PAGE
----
Sharmans > Services > Background Screening
BACKGROUND INVESTIGATIONS AND DUE DILIGENCE
Sharmans provide detailed Background and Due Diligence reports to numerous corporate clients across multiple industries. Our team of investigators can profile the histories of individuals and corporations, providing information such as, but not limited to:
- Confirmation of Individual Identity (Fraud Prevention)
- Business Associations, including direct and indirect affiliations.
- Financial Performance including individual financial circumstances and performance of associated business.
- Location of encumbered or unencumbered assets.
- Court History (Civil)
- Criminal History
- Conflict of Interest assessments
- Property Ownership
- Professional Licence confirmation/Identification
- Confirmation of Professional and Education Qualifications
The application of our reports, usually as a part of a client’s Risk Management process, can include, but are not be limited to:
- Profiling a company including its directors, for the purpose of a merger or acquisition.
- Profiling a company for Administrators and Liquidators during the external administration process.
- Obtaining information on an individual or company for the purpose of a trade partnership or franchise agreement.
- Screening of Candidates prior to executive appointments.
- Pre-Litigation Asset Assessments
- Fraud Prevention.
Our team of investigators have more than 30 years of combined experience in providing detailed Background and Due Diligence reports. For advice regarding our Background and Due Diligence service contact us directly in our Brisbane, Sydney or Melbourne office.
To instruct us via our online portal, click above.
General Enquiry and Quote Request Form
What is a background check? When should a background check report be conducted?
A background check is a cohesive investigation process that investigates (or “vets”) an individual’s background, in order to uncover undisclosed information such as criminal, commercial or financial records. Further, these checks can help to verify employee information, such as licences and certifications, and education.
As employers are legally liable for what occurs in the workplace, background checks are often conducted before a job offer in order to ensure the suitability of a certain candidate for a role. The background check process should be communicated to applicants in order to ensure consent.
Why are background checks important?
Background checks are important for multiple reasons, however primarily, they help organisations to ensure safety practices by verifying the information on job applications in order to minimise the potential for criminal activity, violence, or workplace harassment.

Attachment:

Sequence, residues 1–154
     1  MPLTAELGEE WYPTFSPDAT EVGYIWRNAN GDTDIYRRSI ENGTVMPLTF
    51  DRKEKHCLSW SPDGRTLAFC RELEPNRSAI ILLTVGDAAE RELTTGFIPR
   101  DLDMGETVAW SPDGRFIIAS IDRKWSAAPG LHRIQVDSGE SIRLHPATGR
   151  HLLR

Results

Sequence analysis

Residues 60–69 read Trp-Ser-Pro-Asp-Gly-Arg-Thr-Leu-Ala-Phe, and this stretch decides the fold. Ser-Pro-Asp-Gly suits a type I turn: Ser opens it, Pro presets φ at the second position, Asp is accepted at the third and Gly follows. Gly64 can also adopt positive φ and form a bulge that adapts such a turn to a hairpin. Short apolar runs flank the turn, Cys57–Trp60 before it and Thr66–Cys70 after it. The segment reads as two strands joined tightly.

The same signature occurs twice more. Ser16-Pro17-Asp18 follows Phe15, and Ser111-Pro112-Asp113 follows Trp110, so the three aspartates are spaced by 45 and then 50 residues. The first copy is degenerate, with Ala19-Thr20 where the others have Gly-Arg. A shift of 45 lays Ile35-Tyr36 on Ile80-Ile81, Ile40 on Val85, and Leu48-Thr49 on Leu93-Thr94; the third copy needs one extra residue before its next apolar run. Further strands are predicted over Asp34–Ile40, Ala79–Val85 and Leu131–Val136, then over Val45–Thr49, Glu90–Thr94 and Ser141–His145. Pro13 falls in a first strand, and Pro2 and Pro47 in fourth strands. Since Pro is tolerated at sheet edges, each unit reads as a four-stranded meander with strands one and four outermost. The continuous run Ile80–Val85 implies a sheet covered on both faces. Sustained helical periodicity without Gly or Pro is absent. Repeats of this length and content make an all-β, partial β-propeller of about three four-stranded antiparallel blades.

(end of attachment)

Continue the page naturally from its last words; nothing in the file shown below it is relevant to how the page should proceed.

What shows up on a background check report?
Background checks can be used to verify a variety of information, including criminal records, credit checks, identity checks, personal and professional references, certification, training and education checks, and illicit substance use checks. The information that appears on background check reports should always be strictly applicable to the role or capacity to undertake the role.
Do I have to go after the candidate for the required details for the background checks?
While it is not necessary to get all required information from an application, the background check process should be clearly communicated in order to ensure consent. The amount of information needed is dependent on the kind of check that your organisation wishes to undertake, however should be able to be conducted with information from an applicant’s resume, forms and application.
How to Conduct a Criminal Background Check?
A criminal background check can be conducted by following these steps:
- Determine what type of background check you need (e.g. national, state, or county-level).
- Obtain written consent from the individual being checked.
- Search online databases, such as government websites or private background check companies.
- Check public court records.
- Obtain records from law enforcement agencies.
- Verify the information found with the individual being checked.
- Note: The methods and information available may vary depending on the jurisdiction and type of background check.
How to Conduct Employee Background Checks?
To conduct an employee background check, you can follow these steps:
- Get written consent from the job applicant.
- Determine what type of check is needed (e.g. criminal, credit, education, or employment history).
- Use online databases, such as government websites or private background check companies.
- Verify information with previous employers, educational institutions, and references.
- Check public records for criminal history, if needed.
- Comply with all applicable laws and regulations, such as the Fair Credit Reporting Act (FCRA).
- Note: The scope and methods of employee background checks may vary depending on the jurisdiction and the type of job being applied for.
Why Background Checks on Tenants Are Important?